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Good Idea, Bad Idea: Quick-Time Events

Wether you are slaying a scantily clad goddess in the midst of a gold-wrought temple, or seing how your well-equipped and full of incriminating murder evidence apartment is destroyed by mayan gushes of wind, there is no better gimmick in an action game than quick-time events... right?

One mights say that God of War put them in the spotlight in recent years, by meshing quick-reflex but not impossible to hit sequences with a stylishly choreographed action-death sequence (hopefully full of innecessary violence). Since then, a vast majority of action games have included said events into their gameplay, in order to build a more exciting sequence, or having a sparkle of shine in a dull surface. Yes, Quick-Time Events are a double-edged weapon.

GOOD IDEA: When a quick-time event drags you INTO the action, and more than a finishing move itself, is a battle in its entirety.

PERFECT EXAMPLES: Resident Evil 4, Indigo Prophecy.

The re-imagining of the zombie slugfest franchise saw fit to incorporate quick time events. Pretty much all of them take you by surprise, turning any suspicous looking silent hallway (not to mention every single cutscene) into a paranoid grasping of the controller. All of them work well since they let you see the action, as well as living the feeling of being chased by a gut-loving boulder. Yet the best of all quick-time events has to be the Krauser VS Kennedy Knife Fight. The button sequences are well inter-meshed into the cutscene, so that it lets you SEE it, as well as fight through it. Even more so, nobody expected that the A button turned into a B button halfway into your trachea (you know you love to hate that one). Making the QTE actually a battle in itself, and not merely a gimmick to end a fight.

Yet the perfecting example of this, albeit a bit ironic really, is Indigo Prophecy. The game itself plays in its entirety like a QTE. It never gets repetitive, it always relays the tension of moving sideways a building, or fighting your way through the spiritual wilderness. Even though there are only two QTE in the game (dual-stick shooting and left-right trigger finger killer), the game does a fine job of intermeshing them through the whole of it. Not only that, but in a true movement of integration, you have actually up to 6 chances of screwing up. Its not a gimmick that you have to get right in one shot (allowing for a dirty memorization trick), but it actually builds a battle by having a life bar depending on how many times you screw up. But the irony comes from...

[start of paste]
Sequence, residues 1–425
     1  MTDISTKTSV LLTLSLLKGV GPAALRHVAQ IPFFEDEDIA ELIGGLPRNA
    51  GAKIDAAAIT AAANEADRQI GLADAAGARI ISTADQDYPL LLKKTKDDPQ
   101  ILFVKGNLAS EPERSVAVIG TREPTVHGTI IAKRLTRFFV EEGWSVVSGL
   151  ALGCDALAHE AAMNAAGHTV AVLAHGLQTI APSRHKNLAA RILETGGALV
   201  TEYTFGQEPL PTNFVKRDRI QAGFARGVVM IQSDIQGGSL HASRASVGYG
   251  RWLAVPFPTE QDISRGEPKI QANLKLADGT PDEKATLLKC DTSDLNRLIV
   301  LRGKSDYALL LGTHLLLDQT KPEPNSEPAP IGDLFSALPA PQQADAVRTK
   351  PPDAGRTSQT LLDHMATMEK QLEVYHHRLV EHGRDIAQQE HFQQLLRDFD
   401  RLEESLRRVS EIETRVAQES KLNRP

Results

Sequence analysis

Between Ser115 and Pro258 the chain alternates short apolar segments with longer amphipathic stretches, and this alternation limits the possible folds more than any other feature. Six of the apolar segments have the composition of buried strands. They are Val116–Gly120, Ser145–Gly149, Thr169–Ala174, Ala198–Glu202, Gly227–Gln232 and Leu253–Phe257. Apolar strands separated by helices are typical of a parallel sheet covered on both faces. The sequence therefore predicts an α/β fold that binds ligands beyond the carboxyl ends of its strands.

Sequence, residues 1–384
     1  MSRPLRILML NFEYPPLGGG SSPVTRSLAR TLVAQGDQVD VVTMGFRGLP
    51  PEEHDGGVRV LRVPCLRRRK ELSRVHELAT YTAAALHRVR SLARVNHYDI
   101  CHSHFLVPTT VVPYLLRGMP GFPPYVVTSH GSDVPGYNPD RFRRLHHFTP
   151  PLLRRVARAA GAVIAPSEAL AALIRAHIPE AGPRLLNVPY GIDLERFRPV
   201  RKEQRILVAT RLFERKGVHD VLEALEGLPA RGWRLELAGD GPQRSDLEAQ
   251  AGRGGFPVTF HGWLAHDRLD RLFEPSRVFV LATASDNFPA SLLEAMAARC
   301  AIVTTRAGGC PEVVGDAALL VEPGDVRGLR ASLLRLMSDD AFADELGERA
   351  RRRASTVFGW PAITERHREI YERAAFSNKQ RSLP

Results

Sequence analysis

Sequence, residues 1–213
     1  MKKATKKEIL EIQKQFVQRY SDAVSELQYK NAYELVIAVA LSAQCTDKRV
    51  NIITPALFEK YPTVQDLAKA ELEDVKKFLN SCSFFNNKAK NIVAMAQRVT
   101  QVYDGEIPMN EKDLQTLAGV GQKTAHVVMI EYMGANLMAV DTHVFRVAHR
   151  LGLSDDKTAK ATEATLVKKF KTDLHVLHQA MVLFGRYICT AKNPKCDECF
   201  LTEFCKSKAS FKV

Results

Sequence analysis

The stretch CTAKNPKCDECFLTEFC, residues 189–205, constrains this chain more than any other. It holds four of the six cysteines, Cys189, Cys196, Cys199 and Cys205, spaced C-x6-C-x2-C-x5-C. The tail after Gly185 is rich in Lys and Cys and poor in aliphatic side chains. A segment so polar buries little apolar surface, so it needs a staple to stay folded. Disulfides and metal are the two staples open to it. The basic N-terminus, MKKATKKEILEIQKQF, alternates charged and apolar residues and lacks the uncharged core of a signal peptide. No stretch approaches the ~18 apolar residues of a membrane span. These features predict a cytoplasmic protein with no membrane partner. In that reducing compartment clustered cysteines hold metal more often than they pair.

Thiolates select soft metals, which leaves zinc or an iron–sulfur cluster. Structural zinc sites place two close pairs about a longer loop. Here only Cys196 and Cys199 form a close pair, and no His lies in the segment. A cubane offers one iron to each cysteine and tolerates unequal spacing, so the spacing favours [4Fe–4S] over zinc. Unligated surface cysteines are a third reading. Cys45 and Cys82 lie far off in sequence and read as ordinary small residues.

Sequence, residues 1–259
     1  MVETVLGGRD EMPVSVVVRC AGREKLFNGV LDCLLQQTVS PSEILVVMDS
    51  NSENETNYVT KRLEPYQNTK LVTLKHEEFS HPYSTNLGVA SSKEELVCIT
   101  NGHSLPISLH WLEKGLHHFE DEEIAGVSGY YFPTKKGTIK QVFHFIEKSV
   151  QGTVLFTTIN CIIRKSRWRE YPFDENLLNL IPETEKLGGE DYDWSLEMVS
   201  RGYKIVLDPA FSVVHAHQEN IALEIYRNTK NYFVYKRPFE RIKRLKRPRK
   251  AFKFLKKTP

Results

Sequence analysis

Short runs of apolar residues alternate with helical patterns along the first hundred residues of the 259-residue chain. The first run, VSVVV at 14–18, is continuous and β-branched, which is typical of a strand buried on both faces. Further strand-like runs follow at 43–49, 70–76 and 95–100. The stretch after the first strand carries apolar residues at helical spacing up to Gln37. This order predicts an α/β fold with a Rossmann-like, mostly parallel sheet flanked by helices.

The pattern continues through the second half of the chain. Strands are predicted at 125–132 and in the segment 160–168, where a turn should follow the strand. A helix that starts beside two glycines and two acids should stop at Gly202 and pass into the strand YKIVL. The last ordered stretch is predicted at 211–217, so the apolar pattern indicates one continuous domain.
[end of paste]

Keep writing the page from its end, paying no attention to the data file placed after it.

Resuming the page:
BAD IDEA: When a quick-time event extracts you from the action itself, and doesnīt let you see it.

PERFECT EXAMPLES: Heavenly Sword, Indigo Prophecy

... the fact that it doesnīt let you see all the time what you are doing. Donīt get me wrong, the game is great, original, and fresh; yet it is quite ironic, the fact that the display of the dual sticks is embedded in front-center, in an attempt to maintain your eyes on the action. Problem is: I am more concentrated on not screwing up the sequence, than in the sequence itself. All I see is green, blue, yellow, red; and it takes me out seeing what I am actually doing.

Another experience with this was Heavenly Sword. A great rental at its appalling 6 hour length, the game (in a loyal rip-off of Kratos bloodbath) features impressive sequences with fairly simple QTE. And they are so randomly interspread that instead of a "Didnīt see that one coming", it spurts a "I spilled my Dr. Pepper on the floor!" On the upside, they donpt kill you if you screw up, but actually makes you do it wrong: instead of Nariko gracefully landing, she falls painfully.

All in all, QTE are a steple of the action genre, with few remarkable exceptions that can do without it (Devil May Cry). When wisely integrated into a narrative, they prove to suck one in; when used as nothing more than a gimmick, the most it can aspire to is a well designed choreography that youīll miss out for focusing on the buttons themselves.
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About Terror Playerone of us since 5:30 PM on 06.11.2007